Monday, July 6, 2009

What should have been

Day 3 of our beach vacation and we both already feel relaxed and refreshed. And as we expected, our time here is met with grief. Just two years ago our dreams for Cara began. A year later, just months after Cara’s death, we came back to the beach but in many ways it didn’t feel like much of a vacation. We were still in a state of shock over Cara’s death and just beginning to start trying to figure out how in the world the rest of our lives would look without her.

I was remembering today that last year much of time here was spent quietly together. Cynthia and I took quite a few walks alone, talking about how we were doing. We’d also spend time with our family over dinner then as the night wore on quickly retreat back to our rooms to read and eventually fall asleep. In a way, we were pretty much in a cocoon at times during the week.

This year it’s definitely easier to be here, which gives me mixed emotions to say. I don’t want it to be inferred that because it’s easier that I’m somehow used to life without my daughter. I suppose we’re just in a slightly better place this year, and I’ll take that reprieve since at other times this road has been an awfully hard one to travel.

There have still been several moments that have been hard. Walking into the beach house again this year without Cara. Walking into our bedroom thinking that we should be setting up Cara’s crib in the room too. And then today. A family with little baby girl toddler pulled up and sat right next to us at the beach. The baby was the age that Cara would have been this summer. There the baby sat, in her baby pool, under a beach umbrella. Cynthia and I didn’t have to say a thing. The look we gave each other said it all.

Cynthia and I walked down to the edge of the water and tears started streaming down Cynthia’s face. What could have been. What should have been. That’s all we could think about.

I can’t think of another way to say it, but these painful reminders of what should have been, especially today’s at the beach, just suck. And there was just something extra hard about seeing that baby girl at the beach today. It was a tangible reminder of what should have been right there before us.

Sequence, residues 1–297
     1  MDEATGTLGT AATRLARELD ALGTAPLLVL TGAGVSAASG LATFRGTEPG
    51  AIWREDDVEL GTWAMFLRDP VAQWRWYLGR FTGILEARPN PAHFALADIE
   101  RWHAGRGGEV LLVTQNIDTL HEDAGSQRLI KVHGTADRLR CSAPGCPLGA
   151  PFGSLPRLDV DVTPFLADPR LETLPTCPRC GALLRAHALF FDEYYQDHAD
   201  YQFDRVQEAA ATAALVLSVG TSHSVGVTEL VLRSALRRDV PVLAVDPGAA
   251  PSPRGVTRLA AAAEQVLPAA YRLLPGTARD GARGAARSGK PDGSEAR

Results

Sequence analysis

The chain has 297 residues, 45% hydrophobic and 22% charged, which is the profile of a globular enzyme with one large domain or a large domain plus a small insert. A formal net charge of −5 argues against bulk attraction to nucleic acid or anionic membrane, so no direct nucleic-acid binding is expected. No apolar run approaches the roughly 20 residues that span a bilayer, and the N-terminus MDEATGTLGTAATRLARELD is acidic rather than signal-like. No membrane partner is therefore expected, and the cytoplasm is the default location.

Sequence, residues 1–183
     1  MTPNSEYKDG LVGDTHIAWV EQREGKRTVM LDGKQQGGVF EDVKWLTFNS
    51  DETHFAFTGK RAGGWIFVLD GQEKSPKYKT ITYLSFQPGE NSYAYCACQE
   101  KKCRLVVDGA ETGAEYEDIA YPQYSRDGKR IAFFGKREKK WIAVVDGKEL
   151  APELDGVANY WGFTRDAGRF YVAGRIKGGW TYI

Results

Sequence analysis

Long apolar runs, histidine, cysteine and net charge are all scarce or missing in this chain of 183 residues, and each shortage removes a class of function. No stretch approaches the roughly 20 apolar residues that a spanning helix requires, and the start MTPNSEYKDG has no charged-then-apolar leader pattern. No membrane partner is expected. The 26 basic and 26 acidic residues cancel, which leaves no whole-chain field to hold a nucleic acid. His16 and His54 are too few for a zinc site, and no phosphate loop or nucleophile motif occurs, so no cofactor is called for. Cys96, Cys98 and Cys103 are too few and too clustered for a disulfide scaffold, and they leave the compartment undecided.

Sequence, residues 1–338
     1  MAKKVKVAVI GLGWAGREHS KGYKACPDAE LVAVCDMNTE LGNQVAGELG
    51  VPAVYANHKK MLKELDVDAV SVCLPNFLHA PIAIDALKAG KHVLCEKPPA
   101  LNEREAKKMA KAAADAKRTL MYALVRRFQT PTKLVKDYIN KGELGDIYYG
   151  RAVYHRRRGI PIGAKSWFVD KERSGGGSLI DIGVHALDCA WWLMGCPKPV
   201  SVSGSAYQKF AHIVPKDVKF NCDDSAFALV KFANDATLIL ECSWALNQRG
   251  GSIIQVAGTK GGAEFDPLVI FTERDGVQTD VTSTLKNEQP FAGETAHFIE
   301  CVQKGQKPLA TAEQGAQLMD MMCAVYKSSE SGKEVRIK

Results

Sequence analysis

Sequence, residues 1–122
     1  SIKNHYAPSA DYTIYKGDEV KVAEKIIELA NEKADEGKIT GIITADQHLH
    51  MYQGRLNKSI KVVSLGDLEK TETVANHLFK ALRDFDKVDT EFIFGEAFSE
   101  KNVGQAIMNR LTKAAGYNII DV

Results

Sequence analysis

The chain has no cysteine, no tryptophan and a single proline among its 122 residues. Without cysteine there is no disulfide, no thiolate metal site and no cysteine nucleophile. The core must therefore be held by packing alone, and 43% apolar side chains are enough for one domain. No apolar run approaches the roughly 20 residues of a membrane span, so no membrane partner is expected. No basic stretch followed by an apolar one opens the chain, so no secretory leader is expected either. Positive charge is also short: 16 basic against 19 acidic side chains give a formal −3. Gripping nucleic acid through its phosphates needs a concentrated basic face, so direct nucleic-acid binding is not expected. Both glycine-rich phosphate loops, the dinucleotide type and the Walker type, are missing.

My heart hurts for Cynthia, because I know in the midst of the heavy grief of not having Cara here, she also has another little baby growing in her womb to tend to. I know it’s a lot to carry. I can clearly see the love in her eyes for Cara as the tears come pouring out. I can see a Mother’s heart breaking, and longing for her child that is gone.

I wish I had a solution to heal the pain that these moments bring to us and to all of those who have lost someone they loved in their lives. I would be naïve to think there is one. In fact, moments no different than what we experienced today will only continue to occur throughout the rest of our lives. I think the only thing we can do is be patient and gracious through the hard times, treasure the moments of peace and joy that also come in this life, and look ahead out on the horizon to the days of reunion with all those who have gone to a place of eternal peace.


Mirne said...

That's the thing isn't it? When everything thinks we're finally "getting over it" ... we're not really. I mean, how can you get "over" it when you see children and families everywhere who are a clear reminder of what should have been? I see what should have been all around me all the time.

Leslie Parkins said...

In college, my humanities professor shared with us "no pain is greater than that of a parent losing a child." I imagine the pain of losing Cara will never go away, nor should it. She's your precious daughter.

I'm not sure how to articulate my prayer for you...if each of us has a cup that measures our happiness, I know your cup will always be difficult to fill completely. Cara's life and death represents some of what has filled that cup and some of what keeps the cup from being completely filled. My prayer for you is some days your cup will be less full and other days a bit more full. My prayer is your cup can continue to be filled, to help carry you through those particularly difficult days as you mentioned in your post. I can't image a parent who has lost a child will ever have a sense that their cup is completely full, but I imagine as you said, some days are more difficult than others. I hope the cup you continue to fill will carry you through.
I hope this all came out right...

Tim said...

Your analogy of the cup is such a good one, and a very helpful way for me to think of how I'm feeling when my cup feels empty or not totally full. I think you're right that our cups will never be completely full, which is probably true for many of us since this world is such a broken place. But maybe there's some grace and peace in recognizing our cups will never be totally full. Thanks for your comment and for this new picture of what grief is like.